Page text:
The early impacts of climate change are already evident in Australia's climate with long term changes to our rainfall and temperature patterns, reduction in water availability and the increased frequency of severe weather events and associated natural disasters.
Survival of Australia's plants and animals will depend on their ability to adapt to these altered conditions or to move to new habitats, if possible. Depending on the rate and extent of climate change and adaptive management measures, some species will become extinct and the range of others will be severely restricted.
Species at highest risk of extinction are those ecosystems already under pressure in the wild such as the montane rainforests, alpine regions, wet tropics, wetlands, heathlands and coral reefs.
Botanic gardens and herbaria play a vital role in helping to manage and protect Australia's floral biodiversity.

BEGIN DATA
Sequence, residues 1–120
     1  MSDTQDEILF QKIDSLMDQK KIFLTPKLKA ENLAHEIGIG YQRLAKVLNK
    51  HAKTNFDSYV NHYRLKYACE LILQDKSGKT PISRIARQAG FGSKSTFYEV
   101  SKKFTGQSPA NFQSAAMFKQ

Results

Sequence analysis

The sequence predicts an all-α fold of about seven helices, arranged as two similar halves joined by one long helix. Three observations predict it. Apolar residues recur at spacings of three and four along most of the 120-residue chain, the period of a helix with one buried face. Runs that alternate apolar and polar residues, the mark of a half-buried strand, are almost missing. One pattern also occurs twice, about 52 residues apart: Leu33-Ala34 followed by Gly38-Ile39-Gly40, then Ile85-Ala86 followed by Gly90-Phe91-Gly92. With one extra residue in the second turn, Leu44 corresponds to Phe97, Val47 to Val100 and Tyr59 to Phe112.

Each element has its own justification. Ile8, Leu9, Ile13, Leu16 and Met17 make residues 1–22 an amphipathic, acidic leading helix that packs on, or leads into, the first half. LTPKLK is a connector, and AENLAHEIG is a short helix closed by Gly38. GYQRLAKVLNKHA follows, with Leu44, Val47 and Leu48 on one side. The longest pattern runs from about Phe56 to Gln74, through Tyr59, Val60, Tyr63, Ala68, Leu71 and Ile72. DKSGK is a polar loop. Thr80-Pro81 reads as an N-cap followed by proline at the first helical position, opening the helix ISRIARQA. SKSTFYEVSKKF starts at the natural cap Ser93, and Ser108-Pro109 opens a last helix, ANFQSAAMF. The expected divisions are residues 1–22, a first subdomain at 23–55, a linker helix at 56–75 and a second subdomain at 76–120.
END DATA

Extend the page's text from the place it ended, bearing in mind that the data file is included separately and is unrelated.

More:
They can assist in a range of activities such as:
- the preservation of living collections in botanic gardens
- plant conservation in the wild
- knowledge of species' distributions and classification (taxonomy)
- recovery techniques to assist depleted populations
- research into the impacts of climate change using cultivated plants and plants or plant material (e.g. seeds) collected from the wild
- establishment of seed and gene banks
- education and community awareness.
Australia's eight capital city botanic gardens have released The National Strategy and Action Plan for the Role of Australia's Botanic Gardens in Adapting to Climate Change (2008). The national plan was endorsed by federal, state and territory environment ministers on November 8th 2008.
The national climate change strategy includes:
- a national safety net for Australian plant species through prioritisation and co-ordination of living collections, seed and gene banks
- delivery of accessible and integrated plant species information
- long term monitoring of plant responses to environmental changes
- education and community awareness campaigns for visitors to botanic gardens.